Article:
Every once in a while, I run into people who talk about eating their catch.
Usually, the first question I ask is, “Where did you go fishing?”
There really is a difference in taste from place to place. I rarely eat my catch, but there are times I do bring a few home for the dinner table.
In my lifetime of fishing, I’ve eaten fish from just about every local body of water. Unfortunately, my two favorite places to fish have been eliminated from my dinner table due to pollution and water quality.
The best-tasting fish can be caught in just about all of our lakes that are fed by the Mokelumne and Stanislaus rivers. The higher up the body of water is the deeper it is and usually equals better-tasting fish.
As far as fish selection, I try to avoid the bigger, older fish. I also don’t like planted trout. Planted trout are raised in ponds and fed pellet food for most of their lives in order for them to grow at an accelerated rate. As a result, their meat is very fatty and not as firm as a wild fish.
My preference in species is spotted bass between 1-2 pounds. As far as recipes go, you can’t go wrong with filets breaded and fried in olive oil.
Bass fishing has started to pick up. The bass are feeding heavily on baitfish, leading some to believe that the fall bite has already started. With the cool night and longer days, bass do start to feed in preparation for a long winter.
A variety of baits have been working. Reaction baits have been bringing in large numbers of fish, while flipping baits such as sweet beavers and brush hogs have been bringing in the bigger fish.
Striper fishing has also started to pick up as some small schools have been showing up. Look for the bite to really pick up as the water temperatures drop even further.
New Melones Lake
Anglers trolling for trout are catching a few trolling between 20 and 30 feet deep around the bridge. Fishing for trout and kokanee has slowed down a bit. As the water temperatures continue to drop, look for the trout fishing to improve.
Bass fishing remains fair. Carolina-rigged plastics have been working well. Bluegill and crappie continue to bite well in the backs of coves and around any floating structure.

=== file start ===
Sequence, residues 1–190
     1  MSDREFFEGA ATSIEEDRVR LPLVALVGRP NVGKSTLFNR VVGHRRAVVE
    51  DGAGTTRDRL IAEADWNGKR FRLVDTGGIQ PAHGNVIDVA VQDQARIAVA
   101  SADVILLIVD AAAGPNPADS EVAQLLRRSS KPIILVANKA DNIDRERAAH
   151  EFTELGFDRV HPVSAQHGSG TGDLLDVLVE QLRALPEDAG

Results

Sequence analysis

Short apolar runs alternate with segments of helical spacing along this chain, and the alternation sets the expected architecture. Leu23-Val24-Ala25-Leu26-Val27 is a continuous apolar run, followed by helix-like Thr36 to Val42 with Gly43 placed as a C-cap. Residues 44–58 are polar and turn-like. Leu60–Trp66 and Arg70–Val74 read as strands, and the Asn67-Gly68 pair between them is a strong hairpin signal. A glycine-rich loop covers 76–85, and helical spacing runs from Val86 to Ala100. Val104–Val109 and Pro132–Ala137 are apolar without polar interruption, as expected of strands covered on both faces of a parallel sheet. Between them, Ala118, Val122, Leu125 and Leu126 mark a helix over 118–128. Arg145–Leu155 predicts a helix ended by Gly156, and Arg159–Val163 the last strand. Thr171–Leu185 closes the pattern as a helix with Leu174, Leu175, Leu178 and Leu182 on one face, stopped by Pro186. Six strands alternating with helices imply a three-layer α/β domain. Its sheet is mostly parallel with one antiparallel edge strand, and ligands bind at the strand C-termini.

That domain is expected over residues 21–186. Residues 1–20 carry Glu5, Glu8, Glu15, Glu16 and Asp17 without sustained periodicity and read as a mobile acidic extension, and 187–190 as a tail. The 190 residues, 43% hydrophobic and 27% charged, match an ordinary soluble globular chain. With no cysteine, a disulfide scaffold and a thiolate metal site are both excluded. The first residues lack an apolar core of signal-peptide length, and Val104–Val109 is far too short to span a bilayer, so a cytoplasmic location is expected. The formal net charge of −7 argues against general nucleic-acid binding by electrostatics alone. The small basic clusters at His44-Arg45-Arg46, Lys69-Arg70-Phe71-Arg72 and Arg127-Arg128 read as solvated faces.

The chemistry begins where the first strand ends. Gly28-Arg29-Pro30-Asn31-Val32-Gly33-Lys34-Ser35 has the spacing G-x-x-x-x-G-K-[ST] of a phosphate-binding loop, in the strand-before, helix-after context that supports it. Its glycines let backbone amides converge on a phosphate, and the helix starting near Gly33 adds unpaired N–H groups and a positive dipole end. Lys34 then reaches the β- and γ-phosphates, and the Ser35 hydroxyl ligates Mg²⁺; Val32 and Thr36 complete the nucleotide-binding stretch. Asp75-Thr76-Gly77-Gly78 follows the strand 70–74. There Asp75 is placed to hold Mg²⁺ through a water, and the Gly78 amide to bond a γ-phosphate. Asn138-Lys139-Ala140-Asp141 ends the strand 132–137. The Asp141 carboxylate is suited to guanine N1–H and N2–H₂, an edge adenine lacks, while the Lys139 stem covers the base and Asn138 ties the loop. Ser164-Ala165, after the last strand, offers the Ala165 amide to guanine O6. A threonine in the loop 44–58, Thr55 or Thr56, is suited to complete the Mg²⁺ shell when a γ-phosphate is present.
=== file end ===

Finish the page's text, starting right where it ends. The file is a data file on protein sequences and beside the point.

Catfish have been providing action for those willing to soak their bait through the night. Clams and chicken livers have been working well.
Lake Don Pedro
Fishing for kokanee is great for those who are trolling between 50 and 75 feet deep. Anglers trolling for kokanee are trolling hootchies behind a dodger. It’s been really important to keep an eye on your electronics as they have been fluctuations throughout the day in depth.
Bass fishing is steady with a lot of smaller fish being caught from the shoreline down to 20 feet deep. Anglers fishing for bass are doing best in the early-morning hours while fishing around main lake points.
This past weekend really slowed down the fishing for a lot of anglers as the boat traffic made fishing tough. Bass fishing is good early in the morning. Top-water lures and jigs have been working well. Try fishing around points as bass can be found schooling between 30 and 40 feet deep.
Trout fishing has slowed down, anglers trolling are finding them between 40 and 60 feet deep while fishing with Speedy Shiners.
Trout fishing continues to be tough. Anglers trolling are hooking up while fishing between 30 and 60 feet deep. Catfishing has slowed a little bit but the bite remains good for anglers fishing cut bait in the south end coves.
Bass fishing is fair. Some of the key areas are around isolated islands with jigs and worms. Top-water baits are working well in the morning and evening hours.
Catfish plant at Oak Grove
Four hundred pounds of catfish will be planted at Oak Grove Regional Park next Wednesday, Sept. 12.
Fishing is free for kids aged 15 and younger, and only $5 for those age 16 and older and with a valid California fishing license. Parking is $5 weekdays, $6 most weekends. All State Fish and Game laws apply.
Anglers must supply their own fishing equipment. Oak Grove Regional Park is located on Eight Mile Road and Interstate 5 in Stockton. For more information, call 209.953.8800, or log onto www.sjparks.com.
To contact Jarod Ballardo email firstname.lastname@example.org